‘Business-As-Usual’ Resource Plan Locks Oregonians into a Dirty Coal Energy Future
September 4, 2009, Portland General Electric (PGE) released its Draft Integrated Resource Plan which ties Oregon’s future to an antiquated, 19th-century technology. Instead of looking at diversifying its resource mix, PGE plans to continue its reliance on dirty coal power.
“Oregonians deserve better than this business-as-usual plan,” said Chad Hadsell, Sierra Club activist. “At a time when the public is calling on PGE to reduce its dependence on dirty energy and address global warming, PGE’s plan actually increases CO2 emissions and continues over-reliance on coal.”
The draft plan was released as part of PGE’s Integrated Resource Planning process, in which the utility is required to develop a low-cost energy plan to meet future and current electricity demands though a variety of energy resources. The draft calls for:
• The continued use of the PGE’s Boardman coal plant until 2040, when it will be a 70 years old;
• The investment of $600 million of customers’ money in pollution control equipment that won’t even address the plant’s huge CO2 emissions—money that could otherwise be spent on cleaner energy;
• A 19% increase in Oregon’s share of the energy generated by PGE’s Boardman coal plant;
• The addition of a new 406 MW natural gas plant – a resource that is unnecessary to meet future load growth.
Yesterday, the Northwest Power and Conservation Council released their draft 6th power plan, which states that the region can meet 85% of our load growth with energy efficiency alone. Decision-making bodies in the region like the Northwest Power and Conservation Council and the State of Oregon are setting standards for addressing global warming. PGE’s plan hardly goes far enough to help us meet global warming reduction goals.
Boardman, Oregon’s only coal plant, is the largest stationary source of air and global warming pollution in Oregon, emitting carbon dioxide, mercury, soot, acid rain, smog and haze-causing pollutants that are also responsible for premature death, heart attacks, asthma, and other health conditions.
“By prolonging Oregon’s reliance on dirty coal, PGE is placing citizens’ health and even their lives at risk,” said Catherine Thomasson, MD of Oregon Physicians for Social Responsibility. “Burning coal is damaging to the lungs, the heart, and even the nervous system. Furthermore, it’s the single largest source of America’s global warming gases. We should be turning to clean energy alternatives instead.”
The plant also pollutes more than 10 federally protected areas, including the Columbia River Gorge National Scenic Area, Mount Hood Wilderness Area, Mount Rainier National Park, and Hells Canyon Wilderness and National Recreation Area.
“PGE’s coal-fired power plant in Boardman is the single largest source of air pollution affecting the Columbia River Gorge National Scenic Area,” said Michael Lang, Conservation Director for Friends of the Columbia Gorge. “Pollution from this power plant is obscuring views, damaging ecosystems, and causing acid rain and fog that are likely harming Native American cultural resources. PGE should pull the plug on this aging polluter and move toward greater energy efficiency and renewable sources,” said Lang.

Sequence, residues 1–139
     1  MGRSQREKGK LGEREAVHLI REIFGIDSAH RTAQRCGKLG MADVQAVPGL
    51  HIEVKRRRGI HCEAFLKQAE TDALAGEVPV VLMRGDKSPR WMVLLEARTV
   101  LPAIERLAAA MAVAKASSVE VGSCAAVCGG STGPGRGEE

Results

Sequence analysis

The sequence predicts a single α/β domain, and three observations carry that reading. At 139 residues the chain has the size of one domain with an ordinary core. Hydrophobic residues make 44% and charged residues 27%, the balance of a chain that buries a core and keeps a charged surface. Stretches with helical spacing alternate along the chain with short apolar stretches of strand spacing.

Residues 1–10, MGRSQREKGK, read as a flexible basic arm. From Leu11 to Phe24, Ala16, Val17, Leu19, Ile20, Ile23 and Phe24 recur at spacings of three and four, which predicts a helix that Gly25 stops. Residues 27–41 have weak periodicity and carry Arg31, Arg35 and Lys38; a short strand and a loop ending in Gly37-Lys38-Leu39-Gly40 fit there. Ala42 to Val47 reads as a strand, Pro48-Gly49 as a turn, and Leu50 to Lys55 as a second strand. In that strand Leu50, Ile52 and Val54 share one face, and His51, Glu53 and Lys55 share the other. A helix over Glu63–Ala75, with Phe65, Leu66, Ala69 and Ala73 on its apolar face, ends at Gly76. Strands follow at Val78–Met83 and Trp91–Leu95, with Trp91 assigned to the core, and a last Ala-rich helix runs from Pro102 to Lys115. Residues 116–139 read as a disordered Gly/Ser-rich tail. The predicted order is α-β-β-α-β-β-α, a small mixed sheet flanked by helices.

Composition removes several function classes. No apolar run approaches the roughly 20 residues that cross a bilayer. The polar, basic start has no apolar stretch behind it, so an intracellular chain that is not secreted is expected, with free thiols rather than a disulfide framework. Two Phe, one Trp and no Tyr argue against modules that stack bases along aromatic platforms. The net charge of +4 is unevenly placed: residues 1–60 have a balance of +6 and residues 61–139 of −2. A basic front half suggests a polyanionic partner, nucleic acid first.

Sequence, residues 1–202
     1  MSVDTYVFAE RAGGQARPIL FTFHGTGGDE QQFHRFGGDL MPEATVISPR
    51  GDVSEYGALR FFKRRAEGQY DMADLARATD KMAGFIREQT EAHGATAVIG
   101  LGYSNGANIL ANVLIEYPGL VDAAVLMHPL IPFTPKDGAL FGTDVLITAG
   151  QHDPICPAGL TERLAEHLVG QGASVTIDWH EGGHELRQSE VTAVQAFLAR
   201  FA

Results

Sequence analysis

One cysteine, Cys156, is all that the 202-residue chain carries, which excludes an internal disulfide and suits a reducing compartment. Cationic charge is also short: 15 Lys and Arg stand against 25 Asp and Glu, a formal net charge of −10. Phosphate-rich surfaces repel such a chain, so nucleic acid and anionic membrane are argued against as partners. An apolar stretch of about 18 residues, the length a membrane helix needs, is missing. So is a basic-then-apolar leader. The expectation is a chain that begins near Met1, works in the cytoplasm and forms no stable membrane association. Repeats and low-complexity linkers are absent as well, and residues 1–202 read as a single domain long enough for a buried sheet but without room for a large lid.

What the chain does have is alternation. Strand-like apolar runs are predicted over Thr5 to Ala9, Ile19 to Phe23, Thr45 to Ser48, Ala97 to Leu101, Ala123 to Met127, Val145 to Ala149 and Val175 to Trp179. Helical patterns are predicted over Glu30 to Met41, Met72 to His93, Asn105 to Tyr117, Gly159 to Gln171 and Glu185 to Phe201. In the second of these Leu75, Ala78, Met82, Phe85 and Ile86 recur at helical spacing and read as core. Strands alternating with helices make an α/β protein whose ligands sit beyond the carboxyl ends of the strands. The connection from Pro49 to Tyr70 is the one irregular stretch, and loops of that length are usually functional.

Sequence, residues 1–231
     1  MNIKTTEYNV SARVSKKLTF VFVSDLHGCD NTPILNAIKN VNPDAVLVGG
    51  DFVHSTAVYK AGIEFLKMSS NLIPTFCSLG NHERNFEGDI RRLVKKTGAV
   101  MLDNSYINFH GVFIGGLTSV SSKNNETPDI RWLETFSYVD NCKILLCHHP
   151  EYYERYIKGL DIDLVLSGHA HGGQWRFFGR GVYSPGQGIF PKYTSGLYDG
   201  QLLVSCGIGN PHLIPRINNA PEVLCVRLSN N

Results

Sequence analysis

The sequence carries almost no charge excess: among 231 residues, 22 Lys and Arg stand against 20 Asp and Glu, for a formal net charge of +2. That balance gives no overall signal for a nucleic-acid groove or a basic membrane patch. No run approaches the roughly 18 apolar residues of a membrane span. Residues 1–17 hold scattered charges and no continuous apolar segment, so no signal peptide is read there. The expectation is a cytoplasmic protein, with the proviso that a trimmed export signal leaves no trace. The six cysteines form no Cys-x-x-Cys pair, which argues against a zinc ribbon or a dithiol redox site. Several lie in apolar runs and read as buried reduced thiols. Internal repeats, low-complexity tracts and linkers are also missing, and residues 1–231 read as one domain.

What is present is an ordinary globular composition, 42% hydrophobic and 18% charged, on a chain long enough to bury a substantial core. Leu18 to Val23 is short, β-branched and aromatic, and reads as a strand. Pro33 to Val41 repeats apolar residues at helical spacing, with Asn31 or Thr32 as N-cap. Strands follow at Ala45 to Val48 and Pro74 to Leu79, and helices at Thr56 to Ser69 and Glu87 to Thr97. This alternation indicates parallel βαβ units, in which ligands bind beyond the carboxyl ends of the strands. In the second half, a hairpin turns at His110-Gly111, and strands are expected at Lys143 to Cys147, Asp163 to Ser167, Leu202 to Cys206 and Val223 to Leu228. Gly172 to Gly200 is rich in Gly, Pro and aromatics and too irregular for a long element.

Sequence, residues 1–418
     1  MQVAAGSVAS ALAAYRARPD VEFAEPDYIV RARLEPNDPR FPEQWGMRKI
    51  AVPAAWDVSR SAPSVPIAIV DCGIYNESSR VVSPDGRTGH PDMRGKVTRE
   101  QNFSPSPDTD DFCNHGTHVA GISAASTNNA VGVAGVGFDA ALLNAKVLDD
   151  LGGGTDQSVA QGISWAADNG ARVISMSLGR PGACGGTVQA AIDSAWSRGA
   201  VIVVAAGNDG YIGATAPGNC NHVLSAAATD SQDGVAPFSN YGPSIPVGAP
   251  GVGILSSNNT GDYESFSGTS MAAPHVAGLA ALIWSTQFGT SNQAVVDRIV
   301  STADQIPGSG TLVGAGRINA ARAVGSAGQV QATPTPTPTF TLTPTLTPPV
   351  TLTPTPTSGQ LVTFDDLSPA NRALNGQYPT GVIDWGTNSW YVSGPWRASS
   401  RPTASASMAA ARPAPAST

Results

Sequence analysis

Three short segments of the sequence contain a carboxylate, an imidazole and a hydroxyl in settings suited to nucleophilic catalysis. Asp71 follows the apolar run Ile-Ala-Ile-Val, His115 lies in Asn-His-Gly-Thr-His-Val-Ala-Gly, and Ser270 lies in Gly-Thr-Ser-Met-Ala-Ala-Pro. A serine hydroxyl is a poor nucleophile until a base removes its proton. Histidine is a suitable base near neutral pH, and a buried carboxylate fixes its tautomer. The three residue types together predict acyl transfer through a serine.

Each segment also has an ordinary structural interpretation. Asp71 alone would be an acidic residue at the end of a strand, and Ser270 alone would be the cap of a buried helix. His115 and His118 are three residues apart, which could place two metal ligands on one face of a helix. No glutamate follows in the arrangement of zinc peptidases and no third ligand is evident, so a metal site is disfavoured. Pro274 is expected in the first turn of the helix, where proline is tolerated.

If PGE wants to keep Boardman running, it is required by anti-pollution laws to invest over $600 million into the Boardman coal plant for long-overdue pollution controls, money that could better be spent on energy efficiency and renewable generation. However, none of these new emission controls will curb the 5 million tons of carbon dioxide released by the plant annually. That carbon pollution will become increasingly costly as more laws mandate reductions.
“Continuing coal-generated power is an irresponsible, costly path,” said Brock Howell, advocate for Environment Oregon. “Oregon communities are investing heavily in solutions to the climate crisis, but by refusing to systematically bring Oregon’s only coal plant to closure, PGE will lock Oregon into another 40 years of toxic pollution and ensure we can’t meet our state climate goals. This has huge environmental and long-term economic liability.”
PGE considered 15 scenarios in its planning process. Some phased out the coal plant, replacing the power with cleaner energy while avoiding the investment of over $600 million in pollution controls—but these were ignored. PGE has often expressed a commitment to a new, clean energy future, but when faced with options that have roughly the same costs and risks, it chose not to. Shutting down the plant, compared to keeping it open, results in less than a ½ of a percent rate increase over the next 30 years. PGE chose dirty coal with significantly more pollution.
“PGE’s plan is an insult to the climate goals for the State of Oregon, Multnomah County, the City of Portland and concerned citizens,” Doug Howell , Campaign Director for the Sierra Club’s NW Beyond Coal campaign. “It is a backwards plan that shirks responsibility for protecting our climate. Our children will pay the price.”
In October, PGE will send its Integrated Resource Plan to the Public Utilities Commission. After considering public comment, the Commission will decide whether or not to allow the plan to move forward. We call on PGE to work with its customers, the PUC and all affected areas of Oregon to develop a better, less risky plan. An energy plan based in energy efficiency and clean renewables will benefit ratepayers, ensure a clean energy future, and provide needed jobs for Oregon’s economy.
For more, visit http://www.oregon.sierraclub.org/coal